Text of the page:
A new workshop for Princeton students seeking to live life well
Workshop No. 1
Members of Workshop No. 1 share a basic ambition: to get a better sense of how we should spend our lives.
We start from the premise that each of us has a unique contribution to make to others, following from our unique combination of personal qualities and capacities. By deepening our self-understanding, expanding our exposure to other people, and holding each other accountable to the changes we want to make in our lives, we can build toward a lasting sense of purpose.
The Workshop has two parts, designed to get us thinking both about the big picture of our lives and small adjustments that we can make over the next few months.
1. Weekly group meetings
In weekly group meetings, individuals will take turns making brief presentations on their lives, after which we’ll debate how to approach different issues and opportunities. Presentations will have three stages:
- People will start with basic biographical information and an overview of their interests.
- The heart of the presentations is the second part: identifying the one or two projects, activities, or experiences over the past few years that were most exciting.
- Which of your personal qualities, capacities, and values did each of those experiences draw on?
- Can you think of how you might find your way to similar experiences now, over the coming summer, or after graduating from Princeton?
- Since building fulfilling lives not only entails making good on our unique personal qualities and capacities but also overcoming our fears, presenters will then reflect on a few more questions: What are you most afraid of about life after Princeton? How has that fear developed over time? How could you imagine someone trying to overcome it?
After a presentation is done, members will ask follow-up questions, with the goal of getting presenters thinking about issues in new ways. Out of these questions a conversation will emerge among the group about the different approaches we take to resolving our uncertainties and making good on opportunities.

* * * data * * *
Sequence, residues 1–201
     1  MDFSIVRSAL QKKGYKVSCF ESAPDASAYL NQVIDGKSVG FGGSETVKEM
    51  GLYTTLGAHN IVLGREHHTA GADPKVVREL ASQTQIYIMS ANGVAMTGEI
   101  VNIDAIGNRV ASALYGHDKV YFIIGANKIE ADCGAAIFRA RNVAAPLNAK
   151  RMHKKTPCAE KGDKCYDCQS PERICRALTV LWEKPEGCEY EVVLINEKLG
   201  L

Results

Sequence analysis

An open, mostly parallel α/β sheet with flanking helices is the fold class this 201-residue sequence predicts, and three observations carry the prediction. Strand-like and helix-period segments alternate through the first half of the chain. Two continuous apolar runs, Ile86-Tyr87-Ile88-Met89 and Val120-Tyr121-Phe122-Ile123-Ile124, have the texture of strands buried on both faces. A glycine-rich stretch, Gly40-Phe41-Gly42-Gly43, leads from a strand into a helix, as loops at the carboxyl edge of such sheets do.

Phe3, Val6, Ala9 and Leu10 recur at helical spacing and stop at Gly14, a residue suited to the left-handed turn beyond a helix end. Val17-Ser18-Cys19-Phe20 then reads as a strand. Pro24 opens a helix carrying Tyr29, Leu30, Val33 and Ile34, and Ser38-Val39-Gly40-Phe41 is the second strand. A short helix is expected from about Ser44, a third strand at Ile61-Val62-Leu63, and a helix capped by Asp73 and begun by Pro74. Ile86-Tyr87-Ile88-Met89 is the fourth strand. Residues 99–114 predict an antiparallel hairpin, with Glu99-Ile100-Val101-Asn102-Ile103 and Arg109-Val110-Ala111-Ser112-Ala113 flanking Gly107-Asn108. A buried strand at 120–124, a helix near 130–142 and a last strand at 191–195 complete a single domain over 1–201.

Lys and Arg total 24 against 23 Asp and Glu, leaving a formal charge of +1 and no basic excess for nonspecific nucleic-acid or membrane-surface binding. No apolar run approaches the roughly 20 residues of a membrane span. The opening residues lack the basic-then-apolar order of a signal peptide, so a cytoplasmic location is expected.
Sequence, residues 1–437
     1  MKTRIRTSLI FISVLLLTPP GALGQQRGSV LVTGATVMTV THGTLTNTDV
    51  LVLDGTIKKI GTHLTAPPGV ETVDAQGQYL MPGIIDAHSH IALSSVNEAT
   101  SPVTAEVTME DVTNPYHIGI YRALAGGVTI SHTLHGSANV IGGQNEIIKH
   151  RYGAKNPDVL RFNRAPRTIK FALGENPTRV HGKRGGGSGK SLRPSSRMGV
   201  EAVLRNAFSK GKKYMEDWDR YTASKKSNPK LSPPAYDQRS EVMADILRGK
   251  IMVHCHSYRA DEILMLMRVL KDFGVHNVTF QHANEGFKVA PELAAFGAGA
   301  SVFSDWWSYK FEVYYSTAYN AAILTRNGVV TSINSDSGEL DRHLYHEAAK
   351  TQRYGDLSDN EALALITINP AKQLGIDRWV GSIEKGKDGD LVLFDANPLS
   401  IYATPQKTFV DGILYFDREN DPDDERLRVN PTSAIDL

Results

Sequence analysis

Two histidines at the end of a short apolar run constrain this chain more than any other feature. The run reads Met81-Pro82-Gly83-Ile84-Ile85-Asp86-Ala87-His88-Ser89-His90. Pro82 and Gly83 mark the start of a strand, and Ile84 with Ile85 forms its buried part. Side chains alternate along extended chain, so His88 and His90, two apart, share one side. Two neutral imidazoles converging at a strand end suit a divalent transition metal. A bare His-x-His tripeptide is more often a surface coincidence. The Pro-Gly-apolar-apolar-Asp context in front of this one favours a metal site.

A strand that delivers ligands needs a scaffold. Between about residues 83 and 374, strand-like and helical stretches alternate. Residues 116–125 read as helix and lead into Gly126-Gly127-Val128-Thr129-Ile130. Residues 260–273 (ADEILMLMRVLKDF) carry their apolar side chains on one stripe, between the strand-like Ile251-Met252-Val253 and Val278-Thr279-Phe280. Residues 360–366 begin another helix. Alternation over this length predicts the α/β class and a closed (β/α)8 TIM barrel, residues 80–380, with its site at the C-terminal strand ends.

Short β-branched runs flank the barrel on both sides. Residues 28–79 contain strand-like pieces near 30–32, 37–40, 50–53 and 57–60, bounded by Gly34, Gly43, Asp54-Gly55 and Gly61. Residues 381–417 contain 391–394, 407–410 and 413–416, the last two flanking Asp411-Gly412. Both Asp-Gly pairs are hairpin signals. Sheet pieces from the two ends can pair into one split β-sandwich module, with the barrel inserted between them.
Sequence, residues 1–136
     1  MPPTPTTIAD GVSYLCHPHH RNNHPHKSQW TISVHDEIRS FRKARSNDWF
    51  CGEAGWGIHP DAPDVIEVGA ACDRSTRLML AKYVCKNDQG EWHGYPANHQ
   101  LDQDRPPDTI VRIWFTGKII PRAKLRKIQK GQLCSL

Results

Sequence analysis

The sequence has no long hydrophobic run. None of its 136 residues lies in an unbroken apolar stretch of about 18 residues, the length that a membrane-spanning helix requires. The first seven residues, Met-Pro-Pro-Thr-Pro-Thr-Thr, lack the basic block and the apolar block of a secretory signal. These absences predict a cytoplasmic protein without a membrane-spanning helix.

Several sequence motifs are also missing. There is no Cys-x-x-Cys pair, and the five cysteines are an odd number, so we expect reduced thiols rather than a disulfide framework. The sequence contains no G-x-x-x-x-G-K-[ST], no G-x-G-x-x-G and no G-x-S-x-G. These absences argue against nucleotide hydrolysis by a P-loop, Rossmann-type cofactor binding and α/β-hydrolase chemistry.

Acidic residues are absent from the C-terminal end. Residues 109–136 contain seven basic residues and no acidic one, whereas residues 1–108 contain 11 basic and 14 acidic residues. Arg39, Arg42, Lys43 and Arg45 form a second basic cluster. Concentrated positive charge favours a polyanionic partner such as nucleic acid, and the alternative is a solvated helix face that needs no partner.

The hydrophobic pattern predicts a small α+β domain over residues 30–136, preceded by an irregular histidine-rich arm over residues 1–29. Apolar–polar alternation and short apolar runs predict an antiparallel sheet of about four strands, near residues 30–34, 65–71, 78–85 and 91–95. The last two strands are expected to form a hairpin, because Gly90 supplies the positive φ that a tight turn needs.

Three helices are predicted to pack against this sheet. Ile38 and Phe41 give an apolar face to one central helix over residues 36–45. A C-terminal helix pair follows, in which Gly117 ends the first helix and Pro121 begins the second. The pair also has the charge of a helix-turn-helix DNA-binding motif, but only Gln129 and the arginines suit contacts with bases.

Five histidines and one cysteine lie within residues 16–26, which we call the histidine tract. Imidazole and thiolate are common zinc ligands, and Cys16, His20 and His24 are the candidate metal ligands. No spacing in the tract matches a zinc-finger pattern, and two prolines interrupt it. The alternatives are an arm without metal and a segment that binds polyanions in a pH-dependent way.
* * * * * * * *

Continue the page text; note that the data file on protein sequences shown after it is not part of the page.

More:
2. Small groups
The Workshop aspires to be a place where we make practical improvements to our lives while holding each other accountable to living by those improvements. To that end, there will be an optional second component to the Workshop: small groups that meet every other week, where you can talk through a specific change that you want to make in your life with another Workshop participant and Alec, the group’s organizer.
First, we’ll reflect on our lives—our schoolwork, the state of our friendships, our career plans, our relationships with family members, our romantic life, and our extracurriculars—and then we’ll identify something that we want to change in one of those areas. What are the various ways that we might do so? Which of those options seems best? What’s keeping us from doing it? How can we get around those obstacles? After we’ve identified an adjustment to an area of our lives and a plan for making it, we’ll meet every other week to hold each other accountable and to talk through any issues. No one is going to have the answers for anyone else, but we’ll be partners in trying to find our way to them.
What could these small groups give us that we don’t get in friendships? We wouldn’t be constrained by the expectations and histories of friendships. We wouldn’t need to “force” conversations into meaningful territory. We wouldn’t face the risk of losing a relationship by saying embarrassing things. And, lastly, there wouldn’t be any guilt in “dumping” problems on the friend. Simply put, we will be open-minded partners in building toward better lives.
If you’re interested in the possibility of participating in Workshop No. 1, just drop me an email (at email@example.com) or message me on Facebook. We’ll have an info session on February 10, after which you can decide on whether you want to join.